Foreign object debris (FOD) management is critically important for efficient airport operations. Whether the airport is a small private field with only a few aircraft or a big-city airport with multiple runways and terminals, FOD is a constant concern. Virtually anything that does not belong in a location that might injure airport personnel or damage aircraft and equipment qualifies as FOD. That includes dead birds, sand blown onto a runway, engine parts, lost luggage, and anything else that is out of place. Constant action from wind, jet blast, prop blast, and other causes requires constant vigilance with an airport sweeper and other gear.
FOD Dangers are Imminent and Costly
FOD damage costs an annual tally of $4 billion at airports around the world, according to federal studies. The damage often is minor, such as nicked and cut tires. Other times, it can be very serious, like when a jet engine ingests a foreign object that causes it to fail. In extreme cases, airport FOD causes mass casualties. An Air France Concorde crashed while attempting to take off from Charles De Gaulle Airport in Paris in 2000. Its engine had ingested FOD from another plane’s blown tire. Regular maintenance checks and routine use of an airport sweeper is the best way to manage FOD issues.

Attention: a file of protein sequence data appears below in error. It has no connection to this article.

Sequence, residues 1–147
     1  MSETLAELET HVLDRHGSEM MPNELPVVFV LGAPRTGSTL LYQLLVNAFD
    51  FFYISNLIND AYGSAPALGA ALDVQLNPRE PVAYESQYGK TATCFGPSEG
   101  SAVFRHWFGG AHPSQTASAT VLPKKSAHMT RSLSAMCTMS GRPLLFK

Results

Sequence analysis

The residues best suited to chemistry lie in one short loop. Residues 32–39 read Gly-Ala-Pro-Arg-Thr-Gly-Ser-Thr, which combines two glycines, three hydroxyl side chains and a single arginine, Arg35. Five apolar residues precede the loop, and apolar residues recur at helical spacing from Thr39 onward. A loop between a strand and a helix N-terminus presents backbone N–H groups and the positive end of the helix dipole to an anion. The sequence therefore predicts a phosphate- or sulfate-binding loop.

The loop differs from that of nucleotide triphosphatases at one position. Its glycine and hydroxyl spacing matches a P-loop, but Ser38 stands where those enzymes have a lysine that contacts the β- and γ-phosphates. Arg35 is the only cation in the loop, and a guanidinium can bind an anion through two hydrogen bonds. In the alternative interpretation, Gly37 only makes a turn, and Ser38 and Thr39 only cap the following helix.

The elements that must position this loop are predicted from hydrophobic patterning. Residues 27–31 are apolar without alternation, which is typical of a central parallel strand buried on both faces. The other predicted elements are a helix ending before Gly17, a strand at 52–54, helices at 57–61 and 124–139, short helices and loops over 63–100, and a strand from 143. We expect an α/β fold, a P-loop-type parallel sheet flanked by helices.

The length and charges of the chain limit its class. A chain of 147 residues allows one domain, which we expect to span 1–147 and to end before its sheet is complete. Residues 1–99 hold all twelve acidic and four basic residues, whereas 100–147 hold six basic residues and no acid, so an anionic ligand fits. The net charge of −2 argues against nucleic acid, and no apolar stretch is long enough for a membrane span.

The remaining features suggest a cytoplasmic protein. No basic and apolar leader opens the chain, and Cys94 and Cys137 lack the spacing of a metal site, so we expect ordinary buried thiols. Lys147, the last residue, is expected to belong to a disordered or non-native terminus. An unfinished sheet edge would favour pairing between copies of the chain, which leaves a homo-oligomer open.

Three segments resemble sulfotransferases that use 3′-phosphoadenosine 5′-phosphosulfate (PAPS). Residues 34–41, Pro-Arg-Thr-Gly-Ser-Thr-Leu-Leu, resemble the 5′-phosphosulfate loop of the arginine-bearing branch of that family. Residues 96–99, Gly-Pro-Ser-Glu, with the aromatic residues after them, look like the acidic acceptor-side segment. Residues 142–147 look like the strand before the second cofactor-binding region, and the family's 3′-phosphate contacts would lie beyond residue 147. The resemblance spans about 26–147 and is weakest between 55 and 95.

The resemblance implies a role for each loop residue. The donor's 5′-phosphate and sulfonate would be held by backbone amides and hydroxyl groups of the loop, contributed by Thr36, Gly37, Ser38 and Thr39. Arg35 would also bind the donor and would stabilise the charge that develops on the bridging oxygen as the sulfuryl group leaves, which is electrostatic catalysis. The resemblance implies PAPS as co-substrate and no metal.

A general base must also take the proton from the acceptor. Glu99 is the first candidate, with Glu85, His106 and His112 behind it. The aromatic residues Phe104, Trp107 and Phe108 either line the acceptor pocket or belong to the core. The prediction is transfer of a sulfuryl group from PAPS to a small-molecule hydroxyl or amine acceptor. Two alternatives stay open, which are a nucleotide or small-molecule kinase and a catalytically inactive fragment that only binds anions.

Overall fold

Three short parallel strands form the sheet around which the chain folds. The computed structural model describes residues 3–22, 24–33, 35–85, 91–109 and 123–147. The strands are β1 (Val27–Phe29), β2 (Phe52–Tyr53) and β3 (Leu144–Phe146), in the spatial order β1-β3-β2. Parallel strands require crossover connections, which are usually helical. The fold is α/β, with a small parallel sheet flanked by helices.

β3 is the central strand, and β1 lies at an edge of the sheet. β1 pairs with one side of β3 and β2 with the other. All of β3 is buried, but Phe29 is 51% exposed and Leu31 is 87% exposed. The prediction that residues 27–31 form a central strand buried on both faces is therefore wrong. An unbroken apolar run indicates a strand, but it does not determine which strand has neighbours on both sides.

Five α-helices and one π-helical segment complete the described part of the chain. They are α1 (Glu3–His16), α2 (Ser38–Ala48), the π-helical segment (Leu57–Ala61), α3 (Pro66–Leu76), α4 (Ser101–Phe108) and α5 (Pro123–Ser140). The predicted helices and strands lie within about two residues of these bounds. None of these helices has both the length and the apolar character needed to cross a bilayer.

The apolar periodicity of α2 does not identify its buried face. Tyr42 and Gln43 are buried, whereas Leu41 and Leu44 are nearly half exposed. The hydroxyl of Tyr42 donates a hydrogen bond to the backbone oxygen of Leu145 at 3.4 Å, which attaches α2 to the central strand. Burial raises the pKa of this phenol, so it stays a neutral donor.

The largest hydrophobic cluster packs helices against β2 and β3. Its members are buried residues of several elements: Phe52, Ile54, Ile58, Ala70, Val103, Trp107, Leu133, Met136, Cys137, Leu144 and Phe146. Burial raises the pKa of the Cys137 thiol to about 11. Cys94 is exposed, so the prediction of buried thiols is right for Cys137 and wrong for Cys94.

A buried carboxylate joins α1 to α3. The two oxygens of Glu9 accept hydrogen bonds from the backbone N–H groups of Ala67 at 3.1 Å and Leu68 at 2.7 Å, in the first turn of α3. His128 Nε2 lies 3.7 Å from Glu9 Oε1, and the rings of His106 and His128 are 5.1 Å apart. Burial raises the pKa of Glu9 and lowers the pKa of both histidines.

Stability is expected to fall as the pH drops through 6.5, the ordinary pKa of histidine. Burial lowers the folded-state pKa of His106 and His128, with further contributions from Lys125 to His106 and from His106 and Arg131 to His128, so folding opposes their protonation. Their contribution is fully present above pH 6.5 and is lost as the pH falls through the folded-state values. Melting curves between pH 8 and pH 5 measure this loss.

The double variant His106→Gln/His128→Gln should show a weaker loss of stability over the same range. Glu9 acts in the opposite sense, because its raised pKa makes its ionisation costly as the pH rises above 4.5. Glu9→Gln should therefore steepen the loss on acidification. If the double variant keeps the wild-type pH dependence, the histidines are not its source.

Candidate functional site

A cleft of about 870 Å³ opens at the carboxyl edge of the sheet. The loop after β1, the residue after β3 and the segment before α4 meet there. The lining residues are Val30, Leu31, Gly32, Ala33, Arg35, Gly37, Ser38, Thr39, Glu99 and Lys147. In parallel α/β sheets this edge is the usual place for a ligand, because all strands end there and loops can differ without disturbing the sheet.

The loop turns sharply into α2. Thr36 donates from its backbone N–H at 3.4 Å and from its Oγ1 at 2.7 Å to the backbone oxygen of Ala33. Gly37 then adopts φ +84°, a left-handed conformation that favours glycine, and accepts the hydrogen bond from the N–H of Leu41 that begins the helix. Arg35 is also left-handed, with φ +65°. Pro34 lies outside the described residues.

Runway FOD Dangers Are Most Severe
Because fast-moving aircraft use it to take off and land, the runway is where FOD dangers are greatest. That is especially true when weather conditions are windy and blowing more debris from afar. The engine blast from jets also make FOD dangers especially acute on runways. The three primary types of FOD at airports are:
- Runway FOD is any object found where it does not belong and could damage fast-moving aircraft or injure airport personnel.
- Taxiway and Apron FOD is the same as Runway FOD but located out of the way of fast-moving aircraft.
- Maintenance FOD, which occurs when tools, parts, construction materials, and other equipment that might damage aircraft or cause injury to personal.
Ultimately, there is no secret to dealing with FOD at airports. It requires a combination of constant vigil and regular maintenance. An airport sweeper used nearly constantly will help control FOD issues, but it cannot eliminate them.
An Airport Sweeper Controls Chaos
An airport sweeper drags behind a tractor and looks like a large metallic rug. The airport sweeper is specially designed to collect all types of FOD objects and remove them from critically important areas. A runway needs nearly constant sweeping to keep it clear and safe. The taxiway and apron also benefit from continued vigilance by airport maintenance staff. That same staff is the best source for preventing maintenance FOD issues.